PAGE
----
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08/06/2013

Will Google’s Chromecast spark cord cutting in Canada?

In among the various reviews of Google's new Chromecast device, most people missed one important fact: you can't actually buy or use it here. At least, not without some annoying workarounds. 

Screen Shot 2013-08-02 at 9.45.46 AMGoogle isn't yet selling the $35 unit, which plugs into the back of your TV, in Canada. It's a shame, because the consensus seems to be that this is a game-changing device. It's a tiny USB key-sized piece of hardware, that talks to your Apple or Android smartphone or tablet, or to the Chrome browser on your desktop. It shows whatever content you're looking at on those devices, on the big screen.

Many people won't necessarily want to shell out the $110 that Apple is charging for its Apple TV device, which in any case is locked down to the company's increasingly draconian ecosystem. But Google's device is not only cheap and easy to set up, and also open. It works with most major mobile platforms, and will show pretty much anything that you can display in your browser. Anyone who has tried to stream a video from, say, the CBC website using the Xbox’s horrendous built in browser will appreciate how useful that is.

However, in spite of reviewers testing out the device here, you can't buy it in Canada yet, at least officially. Instead, people have been heading to border towns to pick up online orders. They then have to use a software workaround to get the thing running on their devices. We suspect it may be difficult to get apps supporting Chromecast onto your phone if you are in Canada, and software workarounds may be needed for that as well. So, it's all doable today, but needs some tinkering, making it something still suitable only for the enthusiast market in Canada right now.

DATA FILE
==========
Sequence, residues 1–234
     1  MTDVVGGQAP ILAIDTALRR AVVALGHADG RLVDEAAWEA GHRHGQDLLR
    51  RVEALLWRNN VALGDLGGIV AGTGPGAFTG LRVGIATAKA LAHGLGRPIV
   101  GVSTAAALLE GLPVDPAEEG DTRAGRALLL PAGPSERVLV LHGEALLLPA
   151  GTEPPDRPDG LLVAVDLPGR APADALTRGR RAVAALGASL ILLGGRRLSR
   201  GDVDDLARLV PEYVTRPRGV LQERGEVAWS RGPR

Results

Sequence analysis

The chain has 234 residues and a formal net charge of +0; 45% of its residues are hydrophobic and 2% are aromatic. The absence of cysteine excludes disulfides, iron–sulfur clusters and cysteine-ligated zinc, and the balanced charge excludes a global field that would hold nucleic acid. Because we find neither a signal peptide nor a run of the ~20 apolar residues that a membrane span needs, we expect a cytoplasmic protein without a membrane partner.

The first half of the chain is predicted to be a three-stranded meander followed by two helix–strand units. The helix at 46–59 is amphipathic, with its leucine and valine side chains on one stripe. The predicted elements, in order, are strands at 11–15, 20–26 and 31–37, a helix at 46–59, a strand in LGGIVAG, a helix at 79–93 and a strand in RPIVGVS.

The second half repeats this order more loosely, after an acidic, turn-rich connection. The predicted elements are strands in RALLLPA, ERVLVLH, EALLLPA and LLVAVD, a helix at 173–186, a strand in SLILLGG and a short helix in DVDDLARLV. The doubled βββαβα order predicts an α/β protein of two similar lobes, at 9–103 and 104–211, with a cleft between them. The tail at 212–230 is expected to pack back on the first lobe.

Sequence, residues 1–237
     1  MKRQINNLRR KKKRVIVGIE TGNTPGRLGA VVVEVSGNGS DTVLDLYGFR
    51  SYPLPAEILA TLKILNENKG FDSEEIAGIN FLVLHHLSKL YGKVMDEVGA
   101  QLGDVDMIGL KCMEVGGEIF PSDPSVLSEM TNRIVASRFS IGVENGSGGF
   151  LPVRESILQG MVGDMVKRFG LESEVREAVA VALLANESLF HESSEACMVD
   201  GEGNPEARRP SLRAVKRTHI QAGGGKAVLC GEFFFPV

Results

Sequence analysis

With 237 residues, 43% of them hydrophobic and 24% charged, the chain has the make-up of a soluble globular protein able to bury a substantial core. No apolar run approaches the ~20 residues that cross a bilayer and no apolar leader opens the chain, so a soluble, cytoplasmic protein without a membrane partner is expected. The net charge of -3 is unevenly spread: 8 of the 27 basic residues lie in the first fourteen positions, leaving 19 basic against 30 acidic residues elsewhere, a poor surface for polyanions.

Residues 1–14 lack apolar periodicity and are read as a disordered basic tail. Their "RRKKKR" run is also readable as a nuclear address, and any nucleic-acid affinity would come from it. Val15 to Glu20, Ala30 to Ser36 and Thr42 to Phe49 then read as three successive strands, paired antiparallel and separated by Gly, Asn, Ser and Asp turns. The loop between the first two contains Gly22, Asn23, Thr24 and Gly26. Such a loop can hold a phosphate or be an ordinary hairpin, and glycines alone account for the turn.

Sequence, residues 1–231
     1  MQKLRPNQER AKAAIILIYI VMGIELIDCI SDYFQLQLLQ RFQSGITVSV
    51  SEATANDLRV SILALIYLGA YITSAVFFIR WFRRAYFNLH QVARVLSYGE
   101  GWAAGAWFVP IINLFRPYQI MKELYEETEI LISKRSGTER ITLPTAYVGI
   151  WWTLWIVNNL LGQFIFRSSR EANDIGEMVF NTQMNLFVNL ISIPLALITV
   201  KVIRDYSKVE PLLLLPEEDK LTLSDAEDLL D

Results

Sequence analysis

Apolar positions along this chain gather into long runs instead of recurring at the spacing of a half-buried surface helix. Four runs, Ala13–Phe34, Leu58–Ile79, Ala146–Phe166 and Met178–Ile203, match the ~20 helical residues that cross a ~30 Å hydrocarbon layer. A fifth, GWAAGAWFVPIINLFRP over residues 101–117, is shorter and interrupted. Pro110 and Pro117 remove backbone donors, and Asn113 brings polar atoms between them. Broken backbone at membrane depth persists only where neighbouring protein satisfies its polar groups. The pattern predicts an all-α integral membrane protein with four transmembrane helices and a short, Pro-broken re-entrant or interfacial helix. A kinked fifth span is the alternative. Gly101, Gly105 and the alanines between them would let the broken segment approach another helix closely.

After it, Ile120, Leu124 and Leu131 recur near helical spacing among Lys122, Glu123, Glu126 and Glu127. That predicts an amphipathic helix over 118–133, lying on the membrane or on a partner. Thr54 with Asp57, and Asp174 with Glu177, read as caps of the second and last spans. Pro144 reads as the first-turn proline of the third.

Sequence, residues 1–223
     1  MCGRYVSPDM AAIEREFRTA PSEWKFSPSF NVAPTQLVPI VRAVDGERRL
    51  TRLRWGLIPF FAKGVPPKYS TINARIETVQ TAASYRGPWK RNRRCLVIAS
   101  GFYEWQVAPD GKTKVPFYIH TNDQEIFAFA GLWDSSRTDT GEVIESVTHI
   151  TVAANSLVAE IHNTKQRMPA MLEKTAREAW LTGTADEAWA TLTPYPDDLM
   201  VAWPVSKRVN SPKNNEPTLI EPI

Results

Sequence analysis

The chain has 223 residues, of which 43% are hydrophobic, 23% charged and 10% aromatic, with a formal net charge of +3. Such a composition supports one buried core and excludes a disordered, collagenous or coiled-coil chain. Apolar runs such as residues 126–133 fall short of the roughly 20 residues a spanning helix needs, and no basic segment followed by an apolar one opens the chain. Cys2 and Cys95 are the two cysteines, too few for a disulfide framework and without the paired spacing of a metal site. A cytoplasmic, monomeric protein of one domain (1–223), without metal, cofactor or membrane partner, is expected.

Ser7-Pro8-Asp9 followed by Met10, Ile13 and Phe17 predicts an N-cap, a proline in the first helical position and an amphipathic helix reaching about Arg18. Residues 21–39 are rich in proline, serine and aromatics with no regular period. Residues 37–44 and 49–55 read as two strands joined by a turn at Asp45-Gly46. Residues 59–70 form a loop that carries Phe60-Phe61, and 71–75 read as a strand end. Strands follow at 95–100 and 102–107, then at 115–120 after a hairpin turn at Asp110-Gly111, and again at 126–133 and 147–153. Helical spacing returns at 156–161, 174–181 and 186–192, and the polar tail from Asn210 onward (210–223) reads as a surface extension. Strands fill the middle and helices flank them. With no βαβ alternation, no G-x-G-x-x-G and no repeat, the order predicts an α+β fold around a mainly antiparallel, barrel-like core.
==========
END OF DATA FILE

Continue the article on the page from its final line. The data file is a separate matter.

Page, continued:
Hopefully, this will change soon. There’s nothing legally stopping the company from selling the device in Canada, as all it does is connect your TV directly to online streaming services via your Internet connection. Tech companies have a habit of launching in Canada's relatively miniscule market after rolling out their devcies and services south of the border.

When it does finally ship here officially, Google may have cracked a perennial problem for technology companies: how to get online TV into the living room. This is a big deal. Companies such as Apple and Microsoft have chipped away at this market, but I for one still find myself plugging in a clunky laptop with an annoying HDMI cable whenever I want to access something that isn’t baked into one of these online services. And there is still a big potential audience here.

Comscore says that 16% of all Canadians streaming all of their TV from online sources (they've already cut the cord). Another 35% watch both traditional TV and online video. Another 35% watch traditional TV only. This means that there are still a significant number of Canadians who are potential cord-cutters - people who may abandon their traditional cable TV packages altogether, in favor of Internet-only offerings.

Google's Chromecast represents one more potential tool enabling customers to do this, and it is the easiest to use so far. With Canadians who do use cable TV paying on average $165 a month for bundled packages that offer Internet, TV and phone, the potential for cost savings among cash-strapped Canadians is huge.

Will you use Chromecast? And would online streaming TV ever replace your cable package?

Danny Bradbury, MSN Tech & Gadgets

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Danny BradburyDanny Bradbury

Danny Bradbury is a technology journalist with 20 years' experience. He writes regularly for publications including the Guardian, the Financial Times, the Financial Post, and Backbone magazine. Danny also writes and directs documentaries.

Maurice CachoMaurice Cacho

Maurice Cacho is a Toronto-based journalist mixing his love for tech with a passion for news. He's also CP24's Web Journalist and appears daily on CP24 Breakfast and weekly on the channel's tech show, Webnation, discussing tech news and trends.

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